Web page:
Ilfeld requires a clear declaration allowing double deductions for the same loss on consolidated returns. Duquesne contends that the text of 26 U.S.C. § 165 provides the required authority to satisfy Ilfeld; if § 165 alone proves insufficient, the combination of it with the applicable regulations in effect provides clear authority; and in any event the regulations alone-particularly §1.337(d)-2T-suffice. In evaluating these arguments we review anew the Tax Court's legal conclusions. See Anderson v. Comm'r of Internal Revenue, 698 F.3d 160, 164 (3d Cir. 2012).

         1. The Current Status of the Ilfeld Doctrine

         Duquesne does not dispute that Ilfeld remains good law. While there is dispute as to the scope of the Ilfeld doctrine - that is, whether it applies outside the consolidated return context - for consolidated taxpayers it continues to require that a statute and/or regulation specifically authorize a double deduction for an underlying economic loss.

         Ilfeld, decided in 1934, concerned consolidated tax returns filed by Charles Ilfeld Co. and two wholly owned subsidiaries between 1917 and 1929. During this period, the subsidiaries claimed substantial operating losses and were eventually liquidated. Ilfeld Co. then attempted to deduct losses on its investment in the defunct subsidiaries. Though these investment losses could not be deducted under the regulations in effect at the time, the Supreme Court emphasized that, because the investment losses were already reflected in the subsidiaries' operating losses, allowing them "would be the practical equivalent of a double deduction." Ilfeld, 292 U.S. at 68. Thus, "[i]n the absence of a provision of the [applicable statute] definitely requiring it, a purpose so opposed to precedent and equality of treatment of taxpayers will not be attributed to lawmakers." Id. "[D]efinitely requiring" a provision to authorize a double deduction for the same economic loss is a very high hurdle, though how high is debatable when Ilfeld itself stated that "[i]n the absence of a provision in the [applicable act] or regulation that fairly may be read to authorize [a double deduction], the deduction claimed is not allowed." Id. at 66.

         How to interpret this disparity in the degree of certainty was taken care of when the Supreme Court restated Ilfeld as requiring a "clear declaration of intent by Congress" to authorize a double deduction in Skelly Oil Co., 394 U.S. at 684 (citing United States v. Ludey, 274 U.S. 295 (1927)). Though a declaration by Congress is stated, we do not purport to rule out clear statements of intent set out in regulations the IRS Commissioner is empowered to prescribe. See Ilfeld, 292 U.S. at 68. Indeed, Ilfeld itself noted that because "[t]here [was] nothing in the [Revenue Act of 1928] that purport[ed] to authorize double deduction of losses or in the regulations to suggest that the commissioner construed any of its provisions to empower him to prescribe a regulation that would permit consolidated returns to be made on the basis now claimed by [Ilfeld Co.], " it could not deduct its duplicative investment losses. Id. (emphasis added).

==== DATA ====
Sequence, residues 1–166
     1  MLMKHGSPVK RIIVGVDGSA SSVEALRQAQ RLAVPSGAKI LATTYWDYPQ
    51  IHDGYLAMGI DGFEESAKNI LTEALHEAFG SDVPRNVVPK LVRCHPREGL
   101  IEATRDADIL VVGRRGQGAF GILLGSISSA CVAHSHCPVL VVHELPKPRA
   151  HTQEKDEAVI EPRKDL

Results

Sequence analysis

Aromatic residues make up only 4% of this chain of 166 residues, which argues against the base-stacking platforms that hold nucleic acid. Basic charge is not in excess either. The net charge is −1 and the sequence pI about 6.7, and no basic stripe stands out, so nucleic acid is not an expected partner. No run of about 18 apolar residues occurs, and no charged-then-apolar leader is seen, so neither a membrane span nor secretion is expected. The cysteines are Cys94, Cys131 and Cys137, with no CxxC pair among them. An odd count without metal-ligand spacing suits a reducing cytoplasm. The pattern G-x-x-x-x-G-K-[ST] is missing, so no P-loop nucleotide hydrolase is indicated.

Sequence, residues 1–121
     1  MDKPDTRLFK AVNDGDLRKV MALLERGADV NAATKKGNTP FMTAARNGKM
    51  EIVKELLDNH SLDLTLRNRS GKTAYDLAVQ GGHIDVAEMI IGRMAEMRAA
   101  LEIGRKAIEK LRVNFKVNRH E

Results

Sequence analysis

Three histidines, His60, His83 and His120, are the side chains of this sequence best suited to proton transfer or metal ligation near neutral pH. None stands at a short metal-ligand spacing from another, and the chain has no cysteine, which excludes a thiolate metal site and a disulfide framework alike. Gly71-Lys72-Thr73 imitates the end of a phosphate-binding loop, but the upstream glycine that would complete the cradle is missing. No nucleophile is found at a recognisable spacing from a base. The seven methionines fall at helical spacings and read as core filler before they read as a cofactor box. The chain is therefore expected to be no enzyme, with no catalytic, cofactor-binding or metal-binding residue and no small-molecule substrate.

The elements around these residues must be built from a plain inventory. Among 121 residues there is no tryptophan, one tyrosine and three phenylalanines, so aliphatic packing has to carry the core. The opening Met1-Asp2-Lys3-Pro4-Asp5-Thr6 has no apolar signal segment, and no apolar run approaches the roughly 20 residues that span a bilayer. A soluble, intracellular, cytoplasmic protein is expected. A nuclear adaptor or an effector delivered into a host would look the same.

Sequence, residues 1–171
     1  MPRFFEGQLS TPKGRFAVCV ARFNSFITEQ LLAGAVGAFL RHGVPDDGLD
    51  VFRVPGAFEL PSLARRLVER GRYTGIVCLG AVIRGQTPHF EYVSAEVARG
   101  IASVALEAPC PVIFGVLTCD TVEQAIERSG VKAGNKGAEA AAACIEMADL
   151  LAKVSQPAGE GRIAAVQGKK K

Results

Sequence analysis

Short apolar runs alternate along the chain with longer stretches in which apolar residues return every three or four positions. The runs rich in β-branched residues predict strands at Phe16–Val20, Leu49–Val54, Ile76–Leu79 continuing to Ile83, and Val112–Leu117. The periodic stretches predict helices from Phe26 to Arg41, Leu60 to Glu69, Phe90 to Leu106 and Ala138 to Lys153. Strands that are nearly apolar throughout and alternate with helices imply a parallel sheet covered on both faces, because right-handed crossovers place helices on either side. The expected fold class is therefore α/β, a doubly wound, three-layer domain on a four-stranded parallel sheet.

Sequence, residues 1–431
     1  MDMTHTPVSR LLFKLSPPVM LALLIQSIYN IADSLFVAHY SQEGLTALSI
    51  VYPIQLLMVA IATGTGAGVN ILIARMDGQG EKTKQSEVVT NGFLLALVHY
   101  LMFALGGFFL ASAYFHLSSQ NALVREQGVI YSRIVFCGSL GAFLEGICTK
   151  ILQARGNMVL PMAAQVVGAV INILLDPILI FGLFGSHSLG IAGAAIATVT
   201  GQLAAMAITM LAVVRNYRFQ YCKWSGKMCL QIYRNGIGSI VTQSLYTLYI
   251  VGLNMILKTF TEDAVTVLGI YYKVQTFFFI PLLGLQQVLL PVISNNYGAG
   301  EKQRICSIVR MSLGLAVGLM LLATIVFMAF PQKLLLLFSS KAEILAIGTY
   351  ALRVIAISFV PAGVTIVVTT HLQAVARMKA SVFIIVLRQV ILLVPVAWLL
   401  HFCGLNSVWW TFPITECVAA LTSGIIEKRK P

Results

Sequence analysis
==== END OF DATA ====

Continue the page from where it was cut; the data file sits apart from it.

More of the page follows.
Ilfeld quickly became a key precedent in the consolidated return context. In Pacific Lumber the Supreme Court relied on Ilfeld for the principle that "[l]osses of [the subsidiary] that were subtracted from [the group's] income are not directly or indirectly again deductible." 293 U.S. at 355. Our Court similarly relied on Ilfeld to disallow deductions for consolidated returns. See Grief Cooperage Corp. v. Comm'r of Internal Revenue, 85 F.2d 365, 366 (3d Cir. 1936); see also Comm'r of Internal Revenue v. National Casket Co., 78 F.2d 940, 941-42 (3d Cir. 1935).

         Some of our sister Circuits have extended the Ilfeld doctrine beyond the consolidated-return context - see, e.g., Chicago & N.W.R. Co. v. Comm'r of Internal Revenue, 114 F.2d 882, 887 (7th Cir. 1940) (appropriate method of depreciation for railroad property); Comar Oil Co. v. Helvering, 107 F.2d 709, 711 (8th Cir. 1939) (deductibility of anticipated inventory losses); Marwais Steel Co. v. Comm'r of Internal Revenue, 354 F.2d 997, 997-99 & n.1 (9th Cir. 1965) (investment losses among corporate taxpayers filing separate returns).